ALISTAIR HARRISON (United Kingdom), exercising the right of reply to remarks about the Chagos Archipelago made by the representative of Mauritius, said that his Government maintained that the British Indian Ocean territory was British and had been since 1814.  Hence, it did not recognize the sovereignty claim of Mauritius.

    However, the United Kingdom recognized Mauritius as the only State that had a right to assert a claim of sovereignty, when the United Kingdom relinquished its own sovereignty, which would occur when the Territory was no longer required for defence purposes.  The United Kingdom remained open to discussions concerning arrangements governing the Territory and its future.  It would liaise closely with the Government of Mauritius when the time came for the territory to be ceded.  The question of access to the territory was currently before the British courts.  The matter was under careful consideration and no further comment could be made.

     MS. ASSOUNANCY (Comoros), exercising the right of reply, said that she merely wished to make some clarifications in response to Mauritius.  It was regrettable that neighbors of her country appealed to the international community not to accompany, but rather to condemn a national effort undertaken in order to avoid confrontation.  It was essential that countries within regions support the peaceful conclusion of disputes.  It was the position of the National Army for Development that a civil war was avoided in Comoros.  The electoral timetable established in 1999 was not implemented because of the refusal of the Antrung party to sign the accord.  Her people understood the concern of the Organization of African Unity and neighboring countries.  That concern, however, was not equal to the concerns of her country.  The process would enjoy the support of the League of Arab States as well as other special partners. 

     MR. HUSSEIN (Ethiopia), exercising his right of reply, said when his country signed the agreement to halt hostilities, it had done so with a full commitment to a comprehensive peace agreement.  It went beyond the simple silencing of the guns.  The agreement covered all acts of hostilities.  His Minister for Foreign Affairs, in his speech to the Assembly, had looked to the future, not to the past.  His Eritrean counterpart had done so in the beginning, but then went on with the old stories.  If there were matters to be raised, it should be done in the context of recent negotiations. The Assembly was not the place for it.  

     To set the record straight, Eritrea had accused his country of making it a victim of aggression, but the opposite was true.  Since its independence in 1993, Eritrea had attacked several of its neighbours and had invaded Ethiopia in 1998.  Ethiopia’s use of force was an act of self defensce after two years of begging for peace.  The talk of recolonization was laughable, since the people of his country had fought for Eritrea’s independence.  If it had wanted to deny Eritrea its rightful place, his country would not even have recognized it.  There was no intention to recolonize, and Ethiopia had turned its back on war.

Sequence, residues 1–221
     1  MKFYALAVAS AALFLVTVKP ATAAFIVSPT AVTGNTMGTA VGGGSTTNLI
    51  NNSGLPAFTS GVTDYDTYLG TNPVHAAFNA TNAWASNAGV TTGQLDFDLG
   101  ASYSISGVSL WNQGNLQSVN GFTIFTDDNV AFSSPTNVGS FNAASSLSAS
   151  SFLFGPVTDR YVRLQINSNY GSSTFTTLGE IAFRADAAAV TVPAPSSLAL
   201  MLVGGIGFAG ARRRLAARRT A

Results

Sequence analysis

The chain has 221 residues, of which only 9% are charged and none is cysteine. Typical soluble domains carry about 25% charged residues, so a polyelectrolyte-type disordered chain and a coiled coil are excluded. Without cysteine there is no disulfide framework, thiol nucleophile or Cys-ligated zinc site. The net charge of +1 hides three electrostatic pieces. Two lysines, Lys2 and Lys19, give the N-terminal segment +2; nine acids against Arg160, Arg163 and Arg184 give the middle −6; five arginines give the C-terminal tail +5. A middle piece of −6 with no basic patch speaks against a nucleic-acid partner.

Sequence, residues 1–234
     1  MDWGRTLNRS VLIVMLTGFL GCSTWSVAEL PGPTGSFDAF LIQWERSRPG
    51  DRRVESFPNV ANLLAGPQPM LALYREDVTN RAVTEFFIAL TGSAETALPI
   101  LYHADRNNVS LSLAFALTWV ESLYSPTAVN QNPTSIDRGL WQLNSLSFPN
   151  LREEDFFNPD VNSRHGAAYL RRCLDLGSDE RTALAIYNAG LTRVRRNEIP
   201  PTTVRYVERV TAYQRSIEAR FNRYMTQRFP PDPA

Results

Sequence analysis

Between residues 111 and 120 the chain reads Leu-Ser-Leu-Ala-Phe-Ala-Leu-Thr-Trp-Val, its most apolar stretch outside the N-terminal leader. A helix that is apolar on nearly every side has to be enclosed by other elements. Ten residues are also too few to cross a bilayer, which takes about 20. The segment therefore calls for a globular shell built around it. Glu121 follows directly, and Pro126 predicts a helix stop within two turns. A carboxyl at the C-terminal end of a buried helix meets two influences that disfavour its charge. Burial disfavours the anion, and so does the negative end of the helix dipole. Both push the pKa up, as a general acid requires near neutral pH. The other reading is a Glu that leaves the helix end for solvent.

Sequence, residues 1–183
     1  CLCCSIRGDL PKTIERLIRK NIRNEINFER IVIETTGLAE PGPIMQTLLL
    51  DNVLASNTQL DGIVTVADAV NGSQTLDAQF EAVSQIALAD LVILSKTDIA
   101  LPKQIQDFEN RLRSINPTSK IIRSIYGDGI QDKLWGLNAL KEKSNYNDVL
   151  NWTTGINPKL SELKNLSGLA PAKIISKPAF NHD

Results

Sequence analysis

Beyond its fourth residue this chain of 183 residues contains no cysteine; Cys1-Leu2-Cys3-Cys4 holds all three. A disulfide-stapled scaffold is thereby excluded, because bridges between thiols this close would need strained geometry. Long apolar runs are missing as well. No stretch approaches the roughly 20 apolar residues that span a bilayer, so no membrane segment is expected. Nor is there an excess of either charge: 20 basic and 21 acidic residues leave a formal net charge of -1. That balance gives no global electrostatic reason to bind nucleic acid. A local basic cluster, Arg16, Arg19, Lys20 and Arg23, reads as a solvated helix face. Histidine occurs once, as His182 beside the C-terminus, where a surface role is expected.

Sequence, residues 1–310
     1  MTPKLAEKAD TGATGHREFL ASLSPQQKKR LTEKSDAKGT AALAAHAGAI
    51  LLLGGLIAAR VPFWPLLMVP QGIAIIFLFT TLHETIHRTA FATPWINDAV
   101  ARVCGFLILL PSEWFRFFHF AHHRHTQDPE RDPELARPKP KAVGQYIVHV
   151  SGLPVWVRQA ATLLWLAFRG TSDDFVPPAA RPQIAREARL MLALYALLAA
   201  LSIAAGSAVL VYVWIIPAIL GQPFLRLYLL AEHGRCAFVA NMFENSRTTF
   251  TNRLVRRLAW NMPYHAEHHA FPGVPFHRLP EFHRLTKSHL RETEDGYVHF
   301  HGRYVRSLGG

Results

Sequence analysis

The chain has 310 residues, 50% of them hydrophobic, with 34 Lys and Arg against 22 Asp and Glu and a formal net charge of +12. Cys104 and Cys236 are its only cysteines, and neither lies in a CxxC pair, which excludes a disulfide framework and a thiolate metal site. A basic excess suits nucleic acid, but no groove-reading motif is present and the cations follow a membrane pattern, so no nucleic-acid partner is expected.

He also took issue with who was still bent on militarizing its own society.  Eritrea, with a population of 3.5 million, had over 200,000 troops in May 1998.  Ethiopia, under a former Government, had decreased its troop strength from 1 million to 400,000, and was prepared to do so again.  Ethiopia could not be accused of human rights violations.  His Country had brought to the attention of the international community what had been happening to innocent civilians.  Eritrea had signed the Geneva Convention only weeks ago -- as the last country to do so.

    MOVSES ABELIAN (Armenia), speaking in right of reply, said that remarks in reference to the Armenian genocide had been made by Turkey.  He therefore wished to make a few points about the impossibility of denying the genocide carried out by Turks of the Ottoman Empire against the Armenians from 1915 to 1923, which had resulted in the deaths of over a million Armenians, along with rape, assault, and plunder.  Scholars had fully documented the event along with the genocidal intentions of Turkey.  That documentation was available in archives.  The event had been a model for later genocidal events of the twentieth century.  He cited historical figures who had mentioned parallels with the actions of Nazi Germany.